You’ve heard it before: “Breast is best.” And most moms agree. In fact, 74 percent breastfeed their baby initially. But if you plan to return to work, keeping it up by using a breast pump can be tricky. Statistics bear that out: Only 43 percent of moms still nurse or pump by the time their child is 6 months old (50 percent is the goal, according to Healthy People 2010, the government’s health initiative).
Only 21 percent of moms make it to the year mark.
Having a supportive workplace helps make pumping at work easier. But that’s only the beginning. Read on for more tricks from moms who’ve been there and other expert advice that can prime you for pumping success.
Don’t psyche yourself out
Pumping and working can be challenging, but if you dwell on the negative, you’ll talk yourself out of it. And don’t feel guilty either for being away from your desk. “Most smokers are taking more breaks than I do,” says Hillary Bates, the mom of a 6-month-old, who has been pumping at work for four months.
Get a double electric breast pump
“Buy the best, most powerful double pump you can afford. Without the right equipment, you’re almost doomed to fail,” says Jeanmarie Ferrara, the mother of a 10-month-old daughter. Single pumping can take up to three times as long as double pumping. Pump in a room with a lock on the door. You’ll need privacy to relax. It’s a must.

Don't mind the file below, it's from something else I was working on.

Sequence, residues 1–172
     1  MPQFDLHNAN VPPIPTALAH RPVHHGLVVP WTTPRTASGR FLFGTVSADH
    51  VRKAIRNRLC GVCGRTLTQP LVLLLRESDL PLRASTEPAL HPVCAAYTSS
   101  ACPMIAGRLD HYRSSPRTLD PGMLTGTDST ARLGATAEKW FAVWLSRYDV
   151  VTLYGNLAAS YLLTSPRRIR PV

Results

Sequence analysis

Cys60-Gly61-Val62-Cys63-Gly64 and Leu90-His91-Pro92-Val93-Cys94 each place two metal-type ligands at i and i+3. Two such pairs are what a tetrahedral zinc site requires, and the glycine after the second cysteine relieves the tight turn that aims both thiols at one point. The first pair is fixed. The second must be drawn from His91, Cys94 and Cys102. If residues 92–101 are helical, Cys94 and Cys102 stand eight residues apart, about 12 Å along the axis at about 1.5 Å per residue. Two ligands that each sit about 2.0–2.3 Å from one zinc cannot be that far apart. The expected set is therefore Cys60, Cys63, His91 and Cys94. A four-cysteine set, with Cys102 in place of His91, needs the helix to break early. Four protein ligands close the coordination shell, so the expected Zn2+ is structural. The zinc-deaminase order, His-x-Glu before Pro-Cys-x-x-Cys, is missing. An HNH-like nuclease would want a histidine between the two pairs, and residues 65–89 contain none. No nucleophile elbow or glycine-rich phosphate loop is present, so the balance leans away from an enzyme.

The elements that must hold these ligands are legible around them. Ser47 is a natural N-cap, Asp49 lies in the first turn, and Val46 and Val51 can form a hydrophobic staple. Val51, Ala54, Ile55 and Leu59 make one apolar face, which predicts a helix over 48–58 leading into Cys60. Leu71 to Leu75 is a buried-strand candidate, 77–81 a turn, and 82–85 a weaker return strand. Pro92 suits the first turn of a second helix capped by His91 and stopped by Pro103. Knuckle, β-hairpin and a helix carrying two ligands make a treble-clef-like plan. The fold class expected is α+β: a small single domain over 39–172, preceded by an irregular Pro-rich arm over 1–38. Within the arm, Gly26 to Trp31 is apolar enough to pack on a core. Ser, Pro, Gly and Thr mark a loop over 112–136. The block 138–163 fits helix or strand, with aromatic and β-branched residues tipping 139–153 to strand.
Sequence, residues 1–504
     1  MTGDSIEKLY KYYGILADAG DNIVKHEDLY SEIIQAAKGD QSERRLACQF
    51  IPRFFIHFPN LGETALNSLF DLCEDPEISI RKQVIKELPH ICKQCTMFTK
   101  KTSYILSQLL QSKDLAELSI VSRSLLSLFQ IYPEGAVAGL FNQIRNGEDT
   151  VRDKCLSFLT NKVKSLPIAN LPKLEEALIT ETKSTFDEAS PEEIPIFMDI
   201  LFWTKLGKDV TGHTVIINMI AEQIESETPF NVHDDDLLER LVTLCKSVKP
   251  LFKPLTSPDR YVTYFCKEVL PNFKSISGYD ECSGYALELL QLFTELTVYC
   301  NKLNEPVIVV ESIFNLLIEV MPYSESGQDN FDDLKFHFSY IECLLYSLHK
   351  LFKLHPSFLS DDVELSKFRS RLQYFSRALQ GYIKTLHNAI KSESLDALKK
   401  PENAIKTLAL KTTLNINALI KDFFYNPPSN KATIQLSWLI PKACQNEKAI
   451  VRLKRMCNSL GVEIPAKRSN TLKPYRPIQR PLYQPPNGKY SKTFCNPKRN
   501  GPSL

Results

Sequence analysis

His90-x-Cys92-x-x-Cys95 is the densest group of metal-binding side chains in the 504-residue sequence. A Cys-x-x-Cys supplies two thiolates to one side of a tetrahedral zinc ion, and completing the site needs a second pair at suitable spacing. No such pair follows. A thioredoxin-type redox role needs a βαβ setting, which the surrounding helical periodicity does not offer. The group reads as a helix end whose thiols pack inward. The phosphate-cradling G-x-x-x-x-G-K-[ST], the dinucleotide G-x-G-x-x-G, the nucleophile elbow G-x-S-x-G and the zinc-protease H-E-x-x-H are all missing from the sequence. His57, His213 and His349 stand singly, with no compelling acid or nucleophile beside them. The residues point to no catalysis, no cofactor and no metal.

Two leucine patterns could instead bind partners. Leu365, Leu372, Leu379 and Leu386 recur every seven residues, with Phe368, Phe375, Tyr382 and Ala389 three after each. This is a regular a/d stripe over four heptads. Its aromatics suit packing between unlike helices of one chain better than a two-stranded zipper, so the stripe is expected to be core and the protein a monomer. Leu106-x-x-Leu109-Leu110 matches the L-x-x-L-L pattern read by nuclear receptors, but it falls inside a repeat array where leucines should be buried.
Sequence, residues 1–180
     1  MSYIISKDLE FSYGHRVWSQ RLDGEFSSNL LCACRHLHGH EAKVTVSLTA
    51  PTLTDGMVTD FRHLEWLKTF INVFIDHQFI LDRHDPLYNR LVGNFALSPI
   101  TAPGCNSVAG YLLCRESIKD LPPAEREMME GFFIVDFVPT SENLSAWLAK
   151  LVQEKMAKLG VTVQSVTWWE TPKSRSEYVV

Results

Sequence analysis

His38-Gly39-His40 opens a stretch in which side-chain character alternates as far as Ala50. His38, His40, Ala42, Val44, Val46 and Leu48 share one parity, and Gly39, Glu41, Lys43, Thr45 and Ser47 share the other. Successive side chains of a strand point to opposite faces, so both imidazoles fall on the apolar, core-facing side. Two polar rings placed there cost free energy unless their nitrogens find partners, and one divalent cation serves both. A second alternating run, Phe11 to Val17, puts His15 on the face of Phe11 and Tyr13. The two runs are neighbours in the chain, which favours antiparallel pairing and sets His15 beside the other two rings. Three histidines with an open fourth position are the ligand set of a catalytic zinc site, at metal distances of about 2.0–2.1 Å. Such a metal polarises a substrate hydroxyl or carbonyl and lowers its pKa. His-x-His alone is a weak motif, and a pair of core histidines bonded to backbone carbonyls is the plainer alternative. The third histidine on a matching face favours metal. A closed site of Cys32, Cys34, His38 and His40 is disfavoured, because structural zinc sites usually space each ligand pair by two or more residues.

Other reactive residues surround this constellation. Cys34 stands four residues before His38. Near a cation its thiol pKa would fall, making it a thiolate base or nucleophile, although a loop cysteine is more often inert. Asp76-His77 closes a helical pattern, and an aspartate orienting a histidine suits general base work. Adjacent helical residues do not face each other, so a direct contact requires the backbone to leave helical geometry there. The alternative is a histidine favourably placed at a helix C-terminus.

Keep to a strict pumping schedule
. Going too long between pumping sessions can be uncomfortable. So set aside 15-minute chunks of time several times daily. “If you work in an office that uses electronic calendars, mark off time for your daily pumping breaks,” says Julie Kupsov, the mother of an 11-month-old. “It reduces the time you have meetings scheduled over your regular pumping time.”
“Use pumping time to catch up on e-mails or do light reading so you can keep working, too,” says new mom Tracy Baldwin. “But don’t pump while you’re on the phone with co-workers. It puts them in an awkward position: ‘What’s that noise?'”
Bring your baby’s T-shirt from home.
A photo of your baby is nice, “but it’s the smell that tricks your body into thinking your baby is nearby, which can help with let-down,” says Dr. Miriam H. Labbok, director of the Center for Infant and Young Child Feeding and Care at The University of North Carolina at Chapel Hill.
Keep plenty of ice packs on hand or get a small refrigerator for your office to keep milk cold (and safe for your baby to consume). And store pump parts properly, too. To play it safe, if you don’t have time to wash breast pump parts between sessions during the day with soap and water, put them unwashed in a closed plastic bag such as a Ziploc and store them in the small refrigerator or in the office fridge in something that isn’t see-through, such as a brown paper bag or a lunch bag if you want to keep things private. Refrigeration will help prevent the pumping parts from becoming a bacteria breeding ground.